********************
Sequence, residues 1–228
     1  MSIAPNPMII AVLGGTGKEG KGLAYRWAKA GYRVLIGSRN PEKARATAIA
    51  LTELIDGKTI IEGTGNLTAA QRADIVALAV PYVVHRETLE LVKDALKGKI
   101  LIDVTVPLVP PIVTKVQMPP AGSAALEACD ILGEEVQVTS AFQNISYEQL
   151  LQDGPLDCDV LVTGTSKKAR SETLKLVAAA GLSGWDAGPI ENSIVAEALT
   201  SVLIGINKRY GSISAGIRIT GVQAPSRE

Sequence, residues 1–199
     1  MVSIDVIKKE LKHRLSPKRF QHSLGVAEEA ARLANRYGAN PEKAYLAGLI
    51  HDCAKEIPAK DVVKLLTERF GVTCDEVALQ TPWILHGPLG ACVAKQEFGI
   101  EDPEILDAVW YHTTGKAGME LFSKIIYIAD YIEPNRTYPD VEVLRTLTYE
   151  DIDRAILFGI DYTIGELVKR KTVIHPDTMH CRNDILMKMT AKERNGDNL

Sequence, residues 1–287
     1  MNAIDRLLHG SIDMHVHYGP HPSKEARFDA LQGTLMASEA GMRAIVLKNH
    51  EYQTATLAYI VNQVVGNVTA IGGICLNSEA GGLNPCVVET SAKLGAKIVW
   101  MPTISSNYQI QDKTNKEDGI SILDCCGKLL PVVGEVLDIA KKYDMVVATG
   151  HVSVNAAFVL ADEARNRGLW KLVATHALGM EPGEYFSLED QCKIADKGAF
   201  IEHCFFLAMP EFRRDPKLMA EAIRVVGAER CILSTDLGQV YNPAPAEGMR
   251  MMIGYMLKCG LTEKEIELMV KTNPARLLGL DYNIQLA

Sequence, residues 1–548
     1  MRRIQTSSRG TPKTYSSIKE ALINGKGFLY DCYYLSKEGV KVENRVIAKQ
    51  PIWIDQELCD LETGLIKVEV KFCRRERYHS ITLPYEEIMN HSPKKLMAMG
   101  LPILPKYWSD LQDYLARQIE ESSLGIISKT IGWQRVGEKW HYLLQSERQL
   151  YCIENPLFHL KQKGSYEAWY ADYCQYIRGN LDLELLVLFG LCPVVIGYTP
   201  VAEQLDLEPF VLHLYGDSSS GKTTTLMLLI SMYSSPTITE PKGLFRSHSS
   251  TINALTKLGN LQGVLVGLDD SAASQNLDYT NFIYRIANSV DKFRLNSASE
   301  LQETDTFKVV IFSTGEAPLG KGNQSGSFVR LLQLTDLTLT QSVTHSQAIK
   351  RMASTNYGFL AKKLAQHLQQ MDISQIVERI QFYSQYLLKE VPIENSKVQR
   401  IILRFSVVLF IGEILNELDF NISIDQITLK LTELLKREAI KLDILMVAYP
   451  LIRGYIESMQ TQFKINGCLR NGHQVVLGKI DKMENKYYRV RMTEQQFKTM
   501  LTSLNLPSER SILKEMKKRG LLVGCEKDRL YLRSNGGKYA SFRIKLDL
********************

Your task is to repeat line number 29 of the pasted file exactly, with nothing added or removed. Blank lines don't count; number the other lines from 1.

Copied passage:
   451  LIRGYIESMQ TQFKINGCLR NGHQVVLGKI DKMENKYYRV RMTEQQFKTM